MOSCOW, May 16 (RIA Novosti) – A Russian Proton-M rocket that crashed early Friday while carrying the advanced Express-AM4R satellite was insured for 7.8 billion rubles ($224 million), the Khrunichev company that built the rocket said.
According to the company, the insurer is Russia's Ingosstrakh, which has been operating on the domestic and international insurance markets since 1947.
Moscow-based Khrunichev, the prime contractor of Proton, said a malfunction in the third stage occurred on the 540th second of the flight.
Roscosmos chief Oleg Ostapenko said the stage and its payload burned up in the atmosphere above China, with no debris reaching Earth. The Proton has been grounded pending results from an investigation into the failure. The next Proton launch was scheduled for July 15.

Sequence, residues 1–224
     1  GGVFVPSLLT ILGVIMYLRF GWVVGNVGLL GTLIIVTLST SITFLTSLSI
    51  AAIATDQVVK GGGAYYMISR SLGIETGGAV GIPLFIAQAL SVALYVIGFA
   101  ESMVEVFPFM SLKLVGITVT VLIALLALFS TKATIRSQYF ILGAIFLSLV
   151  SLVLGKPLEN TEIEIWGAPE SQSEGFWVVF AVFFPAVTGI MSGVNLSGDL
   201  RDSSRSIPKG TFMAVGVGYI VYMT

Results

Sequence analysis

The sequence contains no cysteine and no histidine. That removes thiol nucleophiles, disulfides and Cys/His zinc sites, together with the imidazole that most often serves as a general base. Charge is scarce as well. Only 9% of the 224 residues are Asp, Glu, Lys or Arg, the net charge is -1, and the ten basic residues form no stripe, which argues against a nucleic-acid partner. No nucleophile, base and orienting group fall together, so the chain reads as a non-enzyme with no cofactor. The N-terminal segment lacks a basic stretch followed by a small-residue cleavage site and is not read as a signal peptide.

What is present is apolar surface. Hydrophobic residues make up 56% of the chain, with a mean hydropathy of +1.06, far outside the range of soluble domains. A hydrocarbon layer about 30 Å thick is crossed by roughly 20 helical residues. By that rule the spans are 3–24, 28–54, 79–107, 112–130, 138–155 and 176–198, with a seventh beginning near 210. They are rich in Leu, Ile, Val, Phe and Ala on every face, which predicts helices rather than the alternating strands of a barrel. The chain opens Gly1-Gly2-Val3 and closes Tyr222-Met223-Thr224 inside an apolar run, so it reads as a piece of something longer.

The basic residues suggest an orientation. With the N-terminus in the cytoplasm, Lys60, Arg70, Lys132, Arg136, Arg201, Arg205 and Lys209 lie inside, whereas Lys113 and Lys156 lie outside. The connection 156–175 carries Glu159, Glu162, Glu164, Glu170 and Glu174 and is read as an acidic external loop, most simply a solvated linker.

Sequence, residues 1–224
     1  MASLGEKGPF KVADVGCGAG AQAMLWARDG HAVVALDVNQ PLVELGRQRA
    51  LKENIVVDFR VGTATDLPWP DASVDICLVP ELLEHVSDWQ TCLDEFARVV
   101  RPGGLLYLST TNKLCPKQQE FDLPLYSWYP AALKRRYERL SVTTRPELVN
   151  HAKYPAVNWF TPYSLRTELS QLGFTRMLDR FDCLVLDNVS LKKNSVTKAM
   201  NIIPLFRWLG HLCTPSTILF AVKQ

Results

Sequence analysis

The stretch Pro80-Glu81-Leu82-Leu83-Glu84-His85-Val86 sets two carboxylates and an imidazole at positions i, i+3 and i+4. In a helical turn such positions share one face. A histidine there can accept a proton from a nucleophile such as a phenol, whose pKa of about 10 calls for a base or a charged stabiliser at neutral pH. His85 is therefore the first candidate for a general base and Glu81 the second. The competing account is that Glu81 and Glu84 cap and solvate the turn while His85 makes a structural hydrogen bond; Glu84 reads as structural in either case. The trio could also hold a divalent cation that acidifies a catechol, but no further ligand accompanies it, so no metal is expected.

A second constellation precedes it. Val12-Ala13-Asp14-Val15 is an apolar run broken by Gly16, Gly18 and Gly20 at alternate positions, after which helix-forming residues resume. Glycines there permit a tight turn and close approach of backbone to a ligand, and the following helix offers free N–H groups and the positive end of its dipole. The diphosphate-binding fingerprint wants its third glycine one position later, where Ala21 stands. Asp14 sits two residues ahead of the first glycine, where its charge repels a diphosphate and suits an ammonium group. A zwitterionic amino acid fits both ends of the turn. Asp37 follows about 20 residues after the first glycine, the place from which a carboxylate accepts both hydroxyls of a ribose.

The Proton is the largest of Russia’s fleet of space launch vehicles, and has carried both government and commercial payloads.
In July, a Proton rocket crashed shortly after liftoff showering the surrounding countryside with 600 tons of flaming propellants.
Launches of the Proton were suspended for three months following the accident and the Russian and Kazakh governments quarreled over the nearly $90 million clean-up bill.
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The Brest-Litovsk peace treaty that ended Russia’s part in the war has been the subject of heated debate from the moment it was signed in March 1918. To this day, scholars offer differing interpretations of the circumstances that led to the treaty and its domestic and foreign policy importance.